Most common in countries bordering the Mediterranean including South and West France, Portugal, and the Mediterranean such as the Canaries, Majorca, Corsica, Crete and Cyprus.
Prevention:
Do not let dogs sleep outside in the evening or overnight unless the sleeping area is protected by very small mesh
Use a repellant or insecticide, Scalibor collars, which can be ordered from the surgery, are effective for 6 months, these also have some effect against fleas and ticks for 4 - 6 months.
The collar should be applied 1 - 2 weeks prior to travelling
Plug-in or repellent coils may be used in conjunction with the collar
Ealing Surgery
Ealing Surgery
Babesiosis and Ehrlichiosis
Spread by ticks
Bebesiosis is known to occur in France, especially south of the Loire, most of Southern Europe and as far as Belgium, Germany and the Netherlands
Ehrlichiosis is known to occur in similar areas, especially in the Rhone Valley, the south coast of France and Corsica, Cyprus, Spain, Italy and Portugal
It occurs particularly in areas of forest and grass but has also been reported in built-up areas
It is most active in spring and autumn but may attach to dogs at any time of year
Prevention:
Frontline Spot On or spray is the most effective treatment but no treatment is 100% effective.
Frontline prevents ticks for 1 month
It is important to check your pet daily, especially around the face, chest and front legs, and remove any ticks found. It is advisable to use a tick remover to avoid leaving the head of the tick in the skin as this may become infected.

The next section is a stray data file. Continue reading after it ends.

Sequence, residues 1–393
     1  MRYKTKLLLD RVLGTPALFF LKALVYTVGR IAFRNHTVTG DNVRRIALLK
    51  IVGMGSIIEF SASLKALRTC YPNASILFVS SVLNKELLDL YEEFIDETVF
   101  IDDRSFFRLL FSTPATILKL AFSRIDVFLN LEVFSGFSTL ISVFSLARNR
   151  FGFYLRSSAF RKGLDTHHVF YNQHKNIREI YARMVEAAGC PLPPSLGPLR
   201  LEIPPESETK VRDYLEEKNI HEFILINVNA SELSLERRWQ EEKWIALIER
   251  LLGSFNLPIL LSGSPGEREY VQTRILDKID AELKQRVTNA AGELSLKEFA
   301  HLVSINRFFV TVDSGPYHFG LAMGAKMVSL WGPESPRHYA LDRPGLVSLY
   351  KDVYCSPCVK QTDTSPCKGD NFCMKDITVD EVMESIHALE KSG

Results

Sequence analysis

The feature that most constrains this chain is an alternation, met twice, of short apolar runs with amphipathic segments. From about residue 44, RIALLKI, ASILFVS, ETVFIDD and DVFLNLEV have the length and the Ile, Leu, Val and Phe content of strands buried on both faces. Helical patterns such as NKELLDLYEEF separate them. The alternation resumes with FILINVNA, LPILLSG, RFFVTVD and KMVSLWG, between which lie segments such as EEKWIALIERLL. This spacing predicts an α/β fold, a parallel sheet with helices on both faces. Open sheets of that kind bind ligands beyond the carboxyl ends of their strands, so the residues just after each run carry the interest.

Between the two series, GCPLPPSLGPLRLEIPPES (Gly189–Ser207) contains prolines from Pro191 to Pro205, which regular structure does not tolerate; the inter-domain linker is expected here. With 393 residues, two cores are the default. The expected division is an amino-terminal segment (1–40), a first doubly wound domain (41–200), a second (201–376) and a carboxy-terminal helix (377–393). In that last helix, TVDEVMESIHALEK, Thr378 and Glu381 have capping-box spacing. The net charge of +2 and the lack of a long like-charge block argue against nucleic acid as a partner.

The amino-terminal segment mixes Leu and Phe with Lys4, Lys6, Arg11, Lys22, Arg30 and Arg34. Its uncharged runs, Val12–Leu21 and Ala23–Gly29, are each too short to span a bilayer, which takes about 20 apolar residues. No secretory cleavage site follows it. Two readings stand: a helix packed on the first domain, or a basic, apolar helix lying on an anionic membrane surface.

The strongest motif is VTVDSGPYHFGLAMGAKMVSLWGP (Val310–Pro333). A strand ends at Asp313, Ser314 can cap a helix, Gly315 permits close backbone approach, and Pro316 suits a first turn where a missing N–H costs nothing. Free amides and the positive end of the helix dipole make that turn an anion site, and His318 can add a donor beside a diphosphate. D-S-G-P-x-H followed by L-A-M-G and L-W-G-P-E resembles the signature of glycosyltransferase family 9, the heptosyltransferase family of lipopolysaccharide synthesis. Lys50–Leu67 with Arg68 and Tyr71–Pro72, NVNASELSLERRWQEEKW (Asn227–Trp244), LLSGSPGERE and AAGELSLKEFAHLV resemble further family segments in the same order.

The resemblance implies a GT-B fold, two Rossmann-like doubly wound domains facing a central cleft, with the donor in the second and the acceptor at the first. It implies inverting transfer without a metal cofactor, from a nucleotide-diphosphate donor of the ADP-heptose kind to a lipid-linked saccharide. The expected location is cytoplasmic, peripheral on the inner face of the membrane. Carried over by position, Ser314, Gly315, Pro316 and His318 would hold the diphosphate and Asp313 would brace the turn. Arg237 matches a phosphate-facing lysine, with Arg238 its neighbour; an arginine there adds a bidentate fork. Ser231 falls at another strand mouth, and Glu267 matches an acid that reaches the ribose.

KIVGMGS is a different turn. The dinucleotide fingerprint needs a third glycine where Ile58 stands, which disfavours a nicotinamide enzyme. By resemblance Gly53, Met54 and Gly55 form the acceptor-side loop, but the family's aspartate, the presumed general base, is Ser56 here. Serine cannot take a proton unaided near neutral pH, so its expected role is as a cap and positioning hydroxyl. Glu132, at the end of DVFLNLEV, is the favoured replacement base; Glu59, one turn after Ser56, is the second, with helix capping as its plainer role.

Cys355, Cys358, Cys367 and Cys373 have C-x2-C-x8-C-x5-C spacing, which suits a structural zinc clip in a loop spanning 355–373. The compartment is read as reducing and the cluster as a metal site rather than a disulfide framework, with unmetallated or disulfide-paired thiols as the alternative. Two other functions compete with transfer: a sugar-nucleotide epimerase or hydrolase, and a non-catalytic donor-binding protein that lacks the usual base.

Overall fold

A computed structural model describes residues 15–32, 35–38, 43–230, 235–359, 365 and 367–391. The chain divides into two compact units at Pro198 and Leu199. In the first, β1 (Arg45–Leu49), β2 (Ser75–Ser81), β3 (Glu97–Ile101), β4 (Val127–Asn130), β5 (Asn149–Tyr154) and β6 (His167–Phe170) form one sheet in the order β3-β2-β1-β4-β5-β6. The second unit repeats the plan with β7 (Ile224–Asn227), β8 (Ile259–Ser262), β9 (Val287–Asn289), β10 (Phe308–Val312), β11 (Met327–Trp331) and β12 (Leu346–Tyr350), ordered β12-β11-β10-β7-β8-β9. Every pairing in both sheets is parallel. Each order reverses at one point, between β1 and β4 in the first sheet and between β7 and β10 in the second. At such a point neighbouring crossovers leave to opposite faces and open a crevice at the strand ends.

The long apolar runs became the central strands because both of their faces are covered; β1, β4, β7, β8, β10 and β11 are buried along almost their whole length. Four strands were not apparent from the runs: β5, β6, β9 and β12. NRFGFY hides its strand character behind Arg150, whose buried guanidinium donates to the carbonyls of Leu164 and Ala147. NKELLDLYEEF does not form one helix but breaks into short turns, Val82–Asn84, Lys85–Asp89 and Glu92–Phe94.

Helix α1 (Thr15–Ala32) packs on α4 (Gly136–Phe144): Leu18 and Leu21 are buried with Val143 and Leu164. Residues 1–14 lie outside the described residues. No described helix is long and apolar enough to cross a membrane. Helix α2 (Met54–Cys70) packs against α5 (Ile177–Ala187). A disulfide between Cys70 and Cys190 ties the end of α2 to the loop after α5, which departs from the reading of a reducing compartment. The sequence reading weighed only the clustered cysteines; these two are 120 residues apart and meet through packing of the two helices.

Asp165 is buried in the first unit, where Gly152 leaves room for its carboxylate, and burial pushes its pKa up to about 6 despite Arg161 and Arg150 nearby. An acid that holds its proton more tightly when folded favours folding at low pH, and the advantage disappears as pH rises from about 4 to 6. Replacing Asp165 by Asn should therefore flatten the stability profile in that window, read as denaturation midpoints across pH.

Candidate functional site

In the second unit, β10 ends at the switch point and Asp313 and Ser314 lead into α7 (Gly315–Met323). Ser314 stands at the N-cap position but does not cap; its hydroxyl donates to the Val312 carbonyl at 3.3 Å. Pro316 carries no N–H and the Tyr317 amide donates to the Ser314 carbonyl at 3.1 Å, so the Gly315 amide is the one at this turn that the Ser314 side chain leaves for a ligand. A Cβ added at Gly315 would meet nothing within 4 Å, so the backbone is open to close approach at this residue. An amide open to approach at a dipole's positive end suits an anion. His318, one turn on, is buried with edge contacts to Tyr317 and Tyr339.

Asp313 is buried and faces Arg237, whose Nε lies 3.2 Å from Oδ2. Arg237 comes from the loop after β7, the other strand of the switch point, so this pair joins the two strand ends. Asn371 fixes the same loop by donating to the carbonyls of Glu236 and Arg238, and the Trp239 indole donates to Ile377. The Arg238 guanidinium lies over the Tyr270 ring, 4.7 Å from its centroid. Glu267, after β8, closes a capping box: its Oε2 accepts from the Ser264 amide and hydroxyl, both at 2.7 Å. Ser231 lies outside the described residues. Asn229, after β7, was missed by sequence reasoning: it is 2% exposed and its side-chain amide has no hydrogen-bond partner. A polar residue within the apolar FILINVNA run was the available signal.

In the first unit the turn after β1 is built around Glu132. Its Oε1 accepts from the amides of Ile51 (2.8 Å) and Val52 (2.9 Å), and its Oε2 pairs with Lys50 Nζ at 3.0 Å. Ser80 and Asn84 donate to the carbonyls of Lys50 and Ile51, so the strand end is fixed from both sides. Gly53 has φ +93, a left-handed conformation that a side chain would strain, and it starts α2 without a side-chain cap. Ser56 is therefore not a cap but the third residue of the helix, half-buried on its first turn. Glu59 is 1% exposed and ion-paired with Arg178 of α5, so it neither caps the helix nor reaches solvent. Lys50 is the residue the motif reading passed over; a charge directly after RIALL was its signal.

Ealing Surgery
Dirofilarisasis (Heart Worm)
Transmitted by many species of mosquito
Occurs in Europe from Northern France southwards
High levels have been reported in Greece, Spain, Portugal, Madeira and the Canary Islands and extremely prevalent in the Po Valley of Italy
Prevention:
Avoid mosquito bites by using repellents, mesh nets and window covers
Use monthly doses of Program Plus or Stronghold

Prevention of Infectious Diseases when traveling in Europe

When taking your pet on your travels you need to know about other infectious diseases not found in the UK. Your pet may also contact many other infections while abroad and signs may not be evident until you return home. Please take note of the following information and take all possible precautions.